"Hello all! I’m very excited to be blogging about the conclusion of Little Dorrit. Apologies for the delay – I don’t have cable and I trusted to the Internet gods to save me, but as I live in Canada I had some issues with the PBS website. But all is well! I’ve been marathoning this for the past two days…
So we open with Mr. Dorrit back in Venice attempting a marriage proposal. This scene makes me squirmy with discomfort, perhaps because Mrs. General is so insufferable and Mr. Dorrit is so clearly in a state of decline. Side note: who else loves to play the “hey, it’s that character actor!” game? You will note that Mrs. General also played the evil headmistress in Matilda.
The scene where he falls apart at Mrs. Merdle’s farewell ball in Italy is heartbreaking as well. Poor Mr. Dorrit. Remember the scene where Mr. Chivery offers to let him look into the street and the noise and bustle is overwhelming? I imagine that’s what the entire Italian interlude has been. The strain of keeping the past a secret and trying to live in the open after years of confinement is just too much.
And… a double character death. Oh Dickens, why must you tug at my heartstrings so? I’m a cynic, but killing the clarinet-playing uncle is too much. I’ll just weep over here in my corner.
Hee, the Sparklers are quite the comic relief, though. “And just when he was beginning to enjoy society!” Fanny never disappoints.
As Arthur visits Miss Wade, I’m forced to ask: does anyone else find this Miss Wade/Harriet storyline boring and/or just plain odd? This is the only instance of any kind of same-sex relationship in a Dickens novel – correct me if I’m wrong, of course. But I want to see some more. And I don’t mean sex scenes.
Ah, the inevitable reunion between Arthur and Amy! My eyes are watering in preparation. But actually it’s quite restrained, another accidental meeting in the street. Claire Foy is excellent, I must say. I mean, I don’t object to looking at Matthew Macfayden but Foy has a much harder role to pull off. She manages to keep Amy right on the border between "sweet" and "saintly."
And Mr. Merdle commits suicide – in what I excitedly thought was an opium den, but it turns out to be a bathhouse. Most shocking! Wouldn’t it hurt to kill yourself with a pen knife? Apparently all of England is thrown into financial ruin. There’ll be a run on rooms at the Marshalsea!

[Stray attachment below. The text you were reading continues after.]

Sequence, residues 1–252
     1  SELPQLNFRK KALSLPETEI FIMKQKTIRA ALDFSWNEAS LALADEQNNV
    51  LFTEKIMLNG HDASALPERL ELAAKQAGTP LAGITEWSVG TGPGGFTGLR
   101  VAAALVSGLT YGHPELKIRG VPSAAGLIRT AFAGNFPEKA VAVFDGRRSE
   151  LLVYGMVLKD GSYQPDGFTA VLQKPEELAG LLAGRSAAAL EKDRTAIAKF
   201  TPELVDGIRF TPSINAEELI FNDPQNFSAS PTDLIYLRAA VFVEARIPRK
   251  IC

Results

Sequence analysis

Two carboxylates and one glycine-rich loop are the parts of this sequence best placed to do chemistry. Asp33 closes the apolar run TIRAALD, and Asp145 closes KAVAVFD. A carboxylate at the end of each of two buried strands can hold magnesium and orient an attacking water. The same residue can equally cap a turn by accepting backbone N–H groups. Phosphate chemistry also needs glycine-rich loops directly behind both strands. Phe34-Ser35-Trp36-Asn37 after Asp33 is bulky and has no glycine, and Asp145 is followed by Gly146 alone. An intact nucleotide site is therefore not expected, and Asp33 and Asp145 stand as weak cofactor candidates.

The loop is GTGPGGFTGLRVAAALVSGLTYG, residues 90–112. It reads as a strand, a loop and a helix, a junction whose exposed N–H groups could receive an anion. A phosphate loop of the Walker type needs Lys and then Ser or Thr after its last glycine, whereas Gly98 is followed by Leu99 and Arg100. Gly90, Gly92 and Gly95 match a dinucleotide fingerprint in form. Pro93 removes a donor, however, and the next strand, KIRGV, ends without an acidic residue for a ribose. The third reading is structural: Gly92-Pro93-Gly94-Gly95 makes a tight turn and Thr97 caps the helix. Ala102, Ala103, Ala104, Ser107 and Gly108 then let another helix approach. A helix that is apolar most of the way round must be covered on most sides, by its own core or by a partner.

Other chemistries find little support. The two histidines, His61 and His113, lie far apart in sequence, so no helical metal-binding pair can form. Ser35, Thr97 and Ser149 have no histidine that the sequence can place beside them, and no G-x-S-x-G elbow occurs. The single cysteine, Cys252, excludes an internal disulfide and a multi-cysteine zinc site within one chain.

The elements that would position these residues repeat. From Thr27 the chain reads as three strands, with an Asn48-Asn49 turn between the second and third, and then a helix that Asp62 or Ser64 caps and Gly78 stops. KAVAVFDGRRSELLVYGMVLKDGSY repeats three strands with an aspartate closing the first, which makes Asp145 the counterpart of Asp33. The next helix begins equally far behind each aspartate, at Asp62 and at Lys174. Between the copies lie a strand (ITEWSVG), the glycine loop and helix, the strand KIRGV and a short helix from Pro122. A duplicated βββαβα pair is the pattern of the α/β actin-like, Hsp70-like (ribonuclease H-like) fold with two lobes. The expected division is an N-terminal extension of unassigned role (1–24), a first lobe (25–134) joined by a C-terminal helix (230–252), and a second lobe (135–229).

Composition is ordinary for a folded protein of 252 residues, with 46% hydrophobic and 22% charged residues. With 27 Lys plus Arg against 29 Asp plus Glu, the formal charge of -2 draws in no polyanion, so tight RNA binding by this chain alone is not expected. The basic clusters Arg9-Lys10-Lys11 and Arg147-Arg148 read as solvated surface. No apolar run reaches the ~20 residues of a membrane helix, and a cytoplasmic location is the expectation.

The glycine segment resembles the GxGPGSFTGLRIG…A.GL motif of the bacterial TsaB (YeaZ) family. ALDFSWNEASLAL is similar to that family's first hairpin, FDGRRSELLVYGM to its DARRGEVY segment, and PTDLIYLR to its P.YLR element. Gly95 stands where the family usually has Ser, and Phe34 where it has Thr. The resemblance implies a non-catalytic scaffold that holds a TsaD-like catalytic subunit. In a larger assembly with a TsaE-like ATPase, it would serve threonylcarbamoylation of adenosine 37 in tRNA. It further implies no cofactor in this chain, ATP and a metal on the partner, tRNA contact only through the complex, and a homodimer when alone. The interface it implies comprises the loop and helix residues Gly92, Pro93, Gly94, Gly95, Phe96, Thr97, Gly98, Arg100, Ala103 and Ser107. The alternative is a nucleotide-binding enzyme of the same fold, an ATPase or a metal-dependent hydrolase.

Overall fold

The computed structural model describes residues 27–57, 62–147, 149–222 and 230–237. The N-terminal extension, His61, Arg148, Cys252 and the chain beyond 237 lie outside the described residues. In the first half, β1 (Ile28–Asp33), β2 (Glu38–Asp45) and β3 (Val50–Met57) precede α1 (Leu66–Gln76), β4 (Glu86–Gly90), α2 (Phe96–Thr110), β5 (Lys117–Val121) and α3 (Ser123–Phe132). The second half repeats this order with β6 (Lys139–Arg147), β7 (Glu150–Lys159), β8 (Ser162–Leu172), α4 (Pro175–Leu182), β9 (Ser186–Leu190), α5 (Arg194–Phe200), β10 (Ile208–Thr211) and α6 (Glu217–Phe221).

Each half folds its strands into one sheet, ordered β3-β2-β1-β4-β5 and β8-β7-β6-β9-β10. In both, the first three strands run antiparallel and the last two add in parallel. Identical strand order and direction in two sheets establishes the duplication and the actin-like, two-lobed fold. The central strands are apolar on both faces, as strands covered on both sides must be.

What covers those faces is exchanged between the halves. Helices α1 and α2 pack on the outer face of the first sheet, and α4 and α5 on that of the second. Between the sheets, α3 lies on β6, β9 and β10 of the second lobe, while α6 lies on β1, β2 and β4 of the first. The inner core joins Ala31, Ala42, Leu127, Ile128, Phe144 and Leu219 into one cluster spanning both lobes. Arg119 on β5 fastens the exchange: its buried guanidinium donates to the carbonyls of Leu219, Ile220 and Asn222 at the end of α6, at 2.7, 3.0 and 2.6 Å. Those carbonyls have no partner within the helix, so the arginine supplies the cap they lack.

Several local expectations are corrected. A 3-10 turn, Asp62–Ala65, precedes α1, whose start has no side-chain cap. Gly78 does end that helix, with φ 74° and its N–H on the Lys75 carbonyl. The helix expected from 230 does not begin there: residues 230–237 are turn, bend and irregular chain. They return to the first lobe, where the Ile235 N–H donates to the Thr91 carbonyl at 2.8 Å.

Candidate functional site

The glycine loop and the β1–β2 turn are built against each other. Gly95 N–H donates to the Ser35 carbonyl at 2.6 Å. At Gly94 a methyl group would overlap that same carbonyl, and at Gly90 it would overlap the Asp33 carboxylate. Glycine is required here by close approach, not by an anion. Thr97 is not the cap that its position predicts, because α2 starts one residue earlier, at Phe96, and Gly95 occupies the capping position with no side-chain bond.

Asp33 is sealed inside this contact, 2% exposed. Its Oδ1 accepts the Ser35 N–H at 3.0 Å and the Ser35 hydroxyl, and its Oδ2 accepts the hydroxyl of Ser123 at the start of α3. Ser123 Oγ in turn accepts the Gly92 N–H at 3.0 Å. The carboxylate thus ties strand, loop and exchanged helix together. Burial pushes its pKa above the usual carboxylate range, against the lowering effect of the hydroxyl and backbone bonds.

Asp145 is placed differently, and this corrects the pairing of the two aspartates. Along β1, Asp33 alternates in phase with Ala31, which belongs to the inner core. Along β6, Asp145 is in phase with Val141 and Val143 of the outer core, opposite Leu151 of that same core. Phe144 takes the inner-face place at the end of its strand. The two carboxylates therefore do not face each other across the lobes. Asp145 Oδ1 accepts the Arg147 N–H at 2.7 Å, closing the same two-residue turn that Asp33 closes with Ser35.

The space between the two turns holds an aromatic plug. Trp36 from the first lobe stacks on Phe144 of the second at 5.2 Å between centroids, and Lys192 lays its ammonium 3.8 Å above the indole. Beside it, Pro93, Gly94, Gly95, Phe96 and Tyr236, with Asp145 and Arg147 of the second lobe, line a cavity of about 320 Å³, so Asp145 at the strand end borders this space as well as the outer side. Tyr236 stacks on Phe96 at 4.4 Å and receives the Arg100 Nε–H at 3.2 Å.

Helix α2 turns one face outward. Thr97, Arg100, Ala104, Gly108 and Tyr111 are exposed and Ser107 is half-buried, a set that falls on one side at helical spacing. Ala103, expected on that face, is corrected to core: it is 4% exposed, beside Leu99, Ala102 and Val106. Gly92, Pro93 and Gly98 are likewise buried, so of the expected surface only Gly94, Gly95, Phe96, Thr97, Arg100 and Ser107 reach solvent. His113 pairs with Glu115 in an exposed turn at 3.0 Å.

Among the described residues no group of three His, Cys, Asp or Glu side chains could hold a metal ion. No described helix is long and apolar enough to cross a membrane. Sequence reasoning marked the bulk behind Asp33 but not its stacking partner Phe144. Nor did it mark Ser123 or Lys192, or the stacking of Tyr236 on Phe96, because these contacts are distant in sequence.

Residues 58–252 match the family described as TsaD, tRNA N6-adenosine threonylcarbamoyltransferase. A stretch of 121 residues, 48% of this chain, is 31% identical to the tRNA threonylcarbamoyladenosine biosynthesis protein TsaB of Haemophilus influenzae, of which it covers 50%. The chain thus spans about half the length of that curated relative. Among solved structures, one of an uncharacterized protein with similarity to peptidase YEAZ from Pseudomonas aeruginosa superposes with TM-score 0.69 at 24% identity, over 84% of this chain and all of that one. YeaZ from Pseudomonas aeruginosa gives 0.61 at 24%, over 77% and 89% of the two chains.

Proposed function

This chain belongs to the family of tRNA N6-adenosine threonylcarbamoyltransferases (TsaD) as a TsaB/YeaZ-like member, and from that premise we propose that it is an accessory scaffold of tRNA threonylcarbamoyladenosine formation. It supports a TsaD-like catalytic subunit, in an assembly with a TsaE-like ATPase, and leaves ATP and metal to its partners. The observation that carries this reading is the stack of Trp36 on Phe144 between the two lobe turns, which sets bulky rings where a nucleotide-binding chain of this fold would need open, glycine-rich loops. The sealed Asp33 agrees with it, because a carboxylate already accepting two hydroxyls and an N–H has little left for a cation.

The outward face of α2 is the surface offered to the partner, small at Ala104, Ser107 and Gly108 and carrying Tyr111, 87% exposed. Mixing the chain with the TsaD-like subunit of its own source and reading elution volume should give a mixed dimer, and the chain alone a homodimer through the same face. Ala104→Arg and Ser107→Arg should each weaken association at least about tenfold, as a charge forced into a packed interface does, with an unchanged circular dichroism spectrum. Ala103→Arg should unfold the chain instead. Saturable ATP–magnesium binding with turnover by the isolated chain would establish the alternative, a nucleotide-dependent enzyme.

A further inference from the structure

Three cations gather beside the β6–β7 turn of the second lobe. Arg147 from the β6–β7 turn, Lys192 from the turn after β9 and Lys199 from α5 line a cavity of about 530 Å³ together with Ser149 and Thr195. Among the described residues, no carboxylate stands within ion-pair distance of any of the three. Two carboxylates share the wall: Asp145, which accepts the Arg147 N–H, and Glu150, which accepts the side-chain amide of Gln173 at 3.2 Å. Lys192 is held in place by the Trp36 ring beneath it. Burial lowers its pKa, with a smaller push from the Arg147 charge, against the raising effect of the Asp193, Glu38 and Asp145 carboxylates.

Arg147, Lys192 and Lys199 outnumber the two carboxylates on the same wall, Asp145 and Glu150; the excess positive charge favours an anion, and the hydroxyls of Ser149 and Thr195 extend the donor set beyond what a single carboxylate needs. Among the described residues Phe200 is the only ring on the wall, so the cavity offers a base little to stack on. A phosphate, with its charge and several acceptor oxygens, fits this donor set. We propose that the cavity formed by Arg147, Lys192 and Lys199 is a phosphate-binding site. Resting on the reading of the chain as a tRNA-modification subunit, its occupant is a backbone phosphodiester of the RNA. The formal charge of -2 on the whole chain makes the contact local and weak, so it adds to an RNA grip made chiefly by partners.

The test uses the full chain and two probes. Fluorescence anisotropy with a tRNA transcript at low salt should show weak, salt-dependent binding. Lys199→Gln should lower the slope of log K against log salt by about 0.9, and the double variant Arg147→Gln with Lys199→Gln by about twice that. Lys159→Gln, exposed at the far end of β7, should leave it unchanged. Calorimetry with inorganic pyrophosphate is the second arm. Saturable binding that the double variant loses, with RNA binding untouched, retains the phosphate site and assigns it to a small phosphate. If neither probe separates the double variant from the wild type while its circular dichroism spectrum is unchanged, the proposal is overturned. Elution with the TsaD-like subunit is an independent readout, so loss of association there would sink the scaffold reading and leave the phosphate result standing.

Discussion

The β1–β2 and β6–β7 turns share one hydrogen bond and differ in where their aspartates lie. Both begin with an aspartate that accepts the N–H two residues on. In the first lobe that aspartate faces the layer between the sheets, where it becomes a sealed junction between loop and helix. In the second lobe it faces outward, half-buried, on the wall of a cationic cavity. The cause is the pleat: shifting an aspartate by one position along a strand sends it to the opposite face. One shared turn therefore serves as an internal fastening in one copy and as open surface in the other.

The shockwaves ripple… the Merdles are ruined, and plan a rather cowardly (but highly entertaining) back-door exit, while Arthur is nobler and heads over to Marshalsea because he’s lost all of his money by investing in Merdle. And so the tables have turned, and the financially solvent become the debtors. I would watch a spinoff of Mrs. Merdle, Fanny and Sparkler trying to survive on nothing but his Circumlocution Office salary, spite, and parrot food. Anyone else?
Arthur is thrown into a fever by his new status as inmate at Marshalsea and has strange dreams. When he wakes, Amy is there. And you know, I think Fellowette is right – it’s not quite the right ending to the longing and restrained love story we’ve been watching. When did he realize he was in love with her? I don’t remember seeing it happen. There’s too much money talk and not enough unburdening of the soul for my liking.
Rigaud makes his reappearance and generally behaves creepily. He lays into Mrs. Clennam but I can’t understand a word of what he’s saying… however, he is threateningly arching his brows and leaning in way too close. I conclude that he is blackmailing her! Interspersed with this are shots of Harriet discovering the Missing Box of Important Papers. And… then she’s gone.
Mrs. Clennam is apparently cured by the power of Rigaud’s insane French accent, because she stumbles off and runs into Amy, telling her the whole confusing story of Arthur’s real parentage. I will admit that I had to look this part up because it puzzled me. And then the Clennam house falls down around Rigaud and Flintwitch. This is one of those dramatic but highly unrealistic Dickensian moments – like the spontaneous combustion in Bleak House – that are completely spectacular. It’s also been heavily foreshadowed, what with all the dust and creaking. I love it! Flintwitch runs through the house trying to escape and Rigaud mutters French curse words as the roof collapses on him.
This is getting too long, sorry. Let’s skip the public shaming of Mr. Casby and move right to the happy ending. John stands by stoically in the yard as Amy enters the Marshalsea. (Oh John. There are plenty of other young ladies out there. Stop making me cry.) Our lovers reunite. It’s sweet, as Arthur picks her up and spins her about, but there isn’t quite enough sweeping emotion for me. In yet another plot twist, Daniel Doyce comes back from Russia having saved the business. Doyce is wearing fur, as all travellers to Russia must.
Wedding scene! Everyone is there – including, inexplicably, Harriet and the Meagles. Where’s Pet? Hopefully not languishing in Italy still. I like that Amy is wearing a purple dress - a lot of the colours thus far (around the Dorrit family in particular) have been subdued greys and violets, and her wedding dress is in the same family but a bit brighter and happier.
And the camera freezes on Little Dorrit, now all grown up, as your cynical heartless blogger wipes away a tear. Dickens and Davies are obviously out to sell a lot of Kleenex to classic novel lovers. The John storyline alone broke my heart repeatedly. I must say, despite the dropped threads of the plot (Pet, Harriet and Miss Wade) and the somewhat disappointing end to the love story, this miniseries was highly entertaining. As always with Dickens, the secondary comic characters are so important, and the casting was uniformly excellent. What did everyone else think?
Thanks so much for the opportunity, Fellowette!"